Senator Leila M. de Lima has filed a measure seeking to harmonize legal education in the country not only for aspiring lawyers but also for those who are already practicing law as part of their continuing legal education.
De Lima, a lawyer by profession, filed Senate Bill No. 1498 which seeks to promote integrated efforts between the Legal Education Board (LEB) and Philippine Judicial Academy (PHILJA), the institutions that regulate legal education in the country.
“As the practice of law is an ever-evolving discipline whose role is continually increasing in our society, we should have a coordinated effort towards legal education,” she said.
The LEB, an independent unit supervised by the Department of Education (DepEd) and was created under Republic Act (R.A.) No. 7662, deals with the education of aspiring lawyers, while PHILJA, which was created by virtue of R.A. No. 8557, is responsible for the training of those already practicing law, including judges and court personnel, among others.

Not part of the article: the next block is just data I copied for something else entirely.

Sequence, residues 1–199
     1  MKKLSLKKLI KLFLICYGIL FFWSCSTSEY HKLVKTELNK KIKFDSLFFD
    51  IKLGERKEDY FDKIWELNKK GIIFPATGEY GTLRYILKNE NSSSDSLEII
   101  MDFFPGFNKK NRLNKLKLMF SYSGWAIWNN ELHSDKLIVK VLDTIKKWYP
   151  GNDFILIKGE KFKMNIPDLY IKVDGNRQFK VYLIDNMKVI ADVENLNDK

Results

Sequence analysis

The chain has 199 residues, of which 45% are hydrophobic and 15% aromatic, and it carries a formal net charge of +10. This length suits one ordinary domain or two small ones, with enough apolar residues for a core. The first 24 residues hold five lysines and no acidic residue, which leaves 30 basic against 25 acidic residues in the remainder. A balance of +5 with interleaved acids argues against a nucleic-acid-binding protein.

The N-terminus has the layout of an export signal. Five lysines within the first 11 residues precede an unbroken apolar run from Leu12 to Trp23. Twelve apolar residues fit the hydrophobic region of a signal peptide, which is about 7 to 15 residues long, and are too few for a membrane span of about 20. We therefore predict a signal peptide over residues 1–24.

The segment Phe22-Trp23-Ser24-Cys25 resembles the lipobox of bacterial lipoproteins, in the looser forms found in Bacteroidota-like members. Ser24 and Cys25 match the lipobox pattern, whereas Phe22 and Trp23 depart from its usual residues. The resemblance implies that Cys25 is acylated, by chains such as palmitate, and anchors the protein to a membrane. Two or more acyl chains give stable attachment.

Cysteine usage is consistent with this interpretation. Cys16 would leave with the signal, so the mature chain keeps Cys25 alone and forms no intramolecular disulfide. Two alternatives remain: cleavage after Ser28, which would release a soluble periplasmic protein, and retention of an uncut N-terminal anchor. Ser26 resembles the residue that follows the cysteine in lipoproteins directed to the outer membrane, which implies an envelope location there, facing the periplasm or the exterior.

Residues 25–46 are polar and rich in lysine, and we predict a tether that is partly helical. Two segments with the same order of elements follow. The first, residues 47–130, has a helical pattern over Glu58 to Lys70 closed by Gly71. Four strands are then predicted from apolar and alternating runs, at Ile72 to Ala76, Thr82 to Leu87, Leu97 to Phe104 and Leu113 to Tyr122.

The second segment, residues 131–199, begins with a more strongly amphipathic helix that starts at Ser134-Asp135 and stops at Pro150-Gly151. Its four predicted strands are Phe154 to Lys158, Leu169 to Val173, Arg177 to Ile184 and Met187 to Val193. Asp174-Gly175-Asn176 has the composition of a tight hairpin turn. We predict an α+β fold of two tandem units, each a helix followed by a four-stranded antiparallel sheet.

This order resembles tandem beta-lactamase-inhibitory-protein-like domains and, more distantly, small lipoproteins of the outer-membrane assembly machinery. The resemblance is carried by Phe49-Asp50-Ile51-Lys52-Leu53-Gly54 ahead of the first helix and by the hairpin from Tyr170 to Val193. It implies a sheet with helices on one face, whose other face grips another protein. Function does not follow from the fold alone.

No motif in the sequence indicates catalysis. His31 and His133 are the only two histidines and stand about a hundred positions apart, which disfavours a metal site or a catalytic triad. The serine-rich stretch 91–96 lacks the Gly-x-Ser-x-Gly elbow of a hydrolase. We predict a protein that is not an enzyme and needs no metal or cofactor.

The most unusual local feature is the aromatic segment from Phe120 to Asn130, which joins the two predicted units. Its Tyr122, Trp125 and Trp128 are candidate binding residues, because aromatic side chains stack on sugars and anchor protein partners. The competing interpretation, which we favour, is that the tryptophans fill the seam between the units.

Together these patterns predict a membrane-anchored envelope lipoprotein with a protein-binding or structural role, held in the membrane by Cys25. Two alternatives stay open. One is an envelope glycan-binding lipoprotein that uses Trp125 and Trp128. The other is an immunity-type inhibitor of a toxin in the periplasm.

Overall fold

“While these two institutions cater to different students, both of them teach the same legal system. Thus, there is need to harmonize the direction in which the legal education is being administered,” she added.
Under her proposed measure, De Lima said she is proposing that a PHILJA Chancellor or his representative is designated as the vice chair of LEB.
Through this strategic connection, she explained PHILJA is expected to influence LEB policies to harmonize both institutions’ efforts.
“As such, the PHILJA will be strategically connected with LEB, and thus will be able to influence LEB policies to harmonize both institutions’ efforts,” she said.
The Senator from Bicol also added that PHILJA’s presence in the LEB can serve to provide opportunities to initiate faster reforms based on real time developments in the practice of law because PHILJA is more connected to the judiciary and the bar owing to its mandate.
De Lima is a known human rights defender who values education in general. Recently, she filed Senate Bill No. 1497 seeking to create a “separated and specialized” school subject on human rights.